Using historic photographs and descriptions, an international team of architects and engineers has restored the Ridvan garden to its original character, assisted by the Israel Antiquity Authority which provided a conservation survey of the entire site and carried out part of the work.

"Our mission was to re-create the island as it had been at the time of Baha'u'llah," says Khosrow Rezai, a representative of the design team who oversaw the project. "So our task was to investigate and find as much historical evidence as we could about how it looked, so we could bring the island back to life."

The two water canals have been reinstated on either side of the garden at their original locations, leading to the flour mills – some of which have also been restored. "We found an aquifer 40 meters underground and are using it to feed the canals," says Mr. Rezai. "But the configuration of the canals gives the impression that the water is once again coming from the mountains and is flowing out towards the ocean."

With the re-creation of the garden's original setting, pilgrims can now experience the feeling of a spiritual retreat. "We have tried to convey, to the extent possible, the tranquillity of the garden prepared by 'Abdu'l-Baha as a place where Baha'u'llah could find rest," says Mr. Rezai. "Being able to see the water gives you an amazing feeling. You cross it, you smell it, you hear it. Hopefully it transmits the sense of happiness and joy that Baha'u'llah felt."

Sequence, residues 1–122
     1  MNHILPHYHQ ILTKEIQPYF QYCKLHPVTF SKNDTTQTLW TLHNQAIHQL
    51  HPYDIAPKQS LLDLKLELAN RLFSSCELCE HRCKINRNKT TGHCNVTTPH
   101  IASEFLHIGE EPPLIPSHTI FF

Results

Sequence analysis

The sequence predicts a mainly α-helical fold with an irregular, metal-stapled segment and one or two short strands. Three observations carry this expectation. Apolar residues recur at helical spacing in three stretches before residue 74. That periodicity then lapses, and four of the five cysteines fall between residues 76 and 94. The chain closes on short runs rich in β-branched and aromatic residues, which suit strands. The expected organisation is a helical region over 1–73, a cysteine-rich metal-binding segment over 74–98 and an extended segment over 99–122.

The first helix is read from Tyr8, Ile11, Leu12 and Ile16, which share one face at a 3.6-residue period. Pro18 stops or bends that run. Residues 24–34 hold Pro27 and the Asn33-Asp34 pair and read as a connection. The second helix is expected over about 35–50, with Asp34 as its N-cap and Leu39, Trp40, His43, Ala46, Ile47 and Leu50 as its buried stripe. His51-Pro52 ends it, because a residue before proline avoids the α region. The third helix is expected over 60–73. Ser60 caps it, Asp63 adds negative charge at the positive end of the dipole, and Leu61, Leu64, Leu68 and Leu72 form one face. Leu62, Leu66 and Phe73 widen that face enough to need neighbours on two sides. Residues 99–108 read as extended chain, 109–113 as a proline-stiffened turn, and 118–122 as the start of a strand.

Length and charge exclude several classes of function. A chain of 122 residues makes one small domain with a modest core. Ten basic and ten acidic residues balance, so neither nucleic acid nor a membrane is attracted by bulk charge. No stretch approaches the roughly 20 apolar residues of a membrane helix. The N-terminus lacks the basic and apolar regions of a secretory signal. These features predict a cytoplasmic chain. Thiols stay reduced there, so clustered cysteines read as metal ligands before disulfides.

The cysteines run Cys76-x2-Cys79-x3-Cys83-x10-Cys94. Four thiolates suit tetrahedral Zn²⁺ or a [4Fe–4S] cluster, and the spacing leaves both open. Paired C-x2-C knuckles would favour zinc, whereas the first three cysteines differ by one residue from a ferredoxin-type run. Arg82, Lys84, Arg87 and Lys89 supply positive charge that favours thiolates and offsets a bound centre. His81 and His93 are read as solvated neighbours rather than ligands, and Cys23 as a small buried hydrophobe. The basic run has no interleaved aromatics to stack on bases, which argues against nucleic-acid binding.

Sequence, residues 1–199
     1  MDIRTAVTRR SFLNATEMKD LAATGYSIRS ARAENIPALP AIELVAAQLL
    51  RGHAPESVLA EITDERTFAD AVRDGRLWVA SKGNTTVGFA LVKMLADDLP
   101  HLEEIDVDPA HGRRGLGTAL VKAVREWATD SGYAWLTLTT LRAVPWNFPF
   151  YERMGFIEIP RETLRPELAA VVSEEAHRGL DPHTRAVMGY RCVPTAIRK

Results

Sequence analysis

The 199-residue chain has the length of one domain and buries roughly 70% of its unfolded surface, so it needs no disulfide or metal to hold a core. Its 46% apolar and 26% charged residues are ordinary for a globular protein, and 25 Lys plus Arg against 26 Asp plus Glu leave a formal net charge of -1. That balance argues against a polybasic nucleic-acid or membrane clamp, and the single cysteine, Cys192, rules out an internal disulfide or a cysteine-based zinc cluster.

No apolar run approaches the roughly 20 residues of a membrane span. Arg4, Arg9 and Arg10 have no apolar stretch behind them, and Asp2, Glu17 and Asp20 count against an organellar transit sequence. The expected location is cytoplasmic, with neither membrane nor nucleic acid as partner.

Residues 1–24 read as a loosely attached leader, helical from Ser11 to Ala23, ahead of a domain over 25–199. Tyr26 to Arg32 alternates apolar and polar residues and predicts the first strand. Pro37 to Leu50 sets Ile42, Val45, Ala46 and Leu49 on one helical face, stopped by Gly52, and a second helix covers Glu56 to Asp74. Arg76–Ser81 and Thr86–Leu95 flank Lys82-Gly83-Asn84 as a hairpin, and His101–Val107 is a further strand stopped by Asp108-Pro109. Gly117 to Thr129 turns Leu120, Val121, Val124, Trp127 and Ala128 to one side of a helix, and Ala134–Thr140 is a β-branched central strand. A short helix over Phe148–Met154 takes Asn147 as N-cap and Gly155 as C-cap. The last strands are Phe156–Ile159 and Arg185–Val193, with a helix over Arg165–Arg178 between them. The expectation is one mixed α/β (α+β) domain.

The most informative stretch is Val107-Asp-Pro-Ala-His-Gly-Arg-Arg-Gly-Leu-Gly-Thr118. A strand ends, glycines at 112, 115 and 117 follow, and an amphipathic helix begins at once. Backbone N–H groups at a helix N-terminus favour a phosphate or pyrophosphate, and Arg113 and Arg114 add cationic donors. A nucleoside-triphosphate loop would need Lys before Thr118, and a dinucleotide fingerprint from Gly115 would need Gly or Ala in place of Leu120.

Albert Lincoln agrees that the restoration has brought about a radical change in the atmosphere of the place. "It's part of the territory that comes with being a religion born in historical time – as opposed to archaeological time – that we have the possibility of doing authentic restoration and of recreating quite closely the feeling that prevailed when Baha'u'llah was actually here. He referred to it as 'Our Verdant Isle' and wrote some beautiful things in which he describes Himself actually sitting in the garden at the time when it had water around it.

"In one passage, Baha'u'llah says that He was here in the garden enjoying 'its streams flowing, and its trees luxuriant, and the sunlight playing in their midst.' The whole narrative that goes with it is an outdoors narrative – it's sun, wind, water – all these factors," enthuses Mr. Lincoln.

A unique holy place

Just visible on the southern horizon from the site, Mount Carmel rises up, the location of the Shrine of the Bab and its monumental garden terraces. They – along with the Shrine of Baha'u'llah and its environs north of the Ridvan garden – were named UNESCO World Heritage sites in 2008.

But the Ridvan Garden is unique among Baha'i holy places, says Mr. Lincoln. "In the others, the gardens surround buildings and structures. But here, the holy place is in itself a garden, and on a more intimate scale than the others."

"With its conservation – and the restoration of the flour mills – the whole site says something about the historical roots of the Baha'i Faith in this land and how they are intertwined with the history of the country," he says.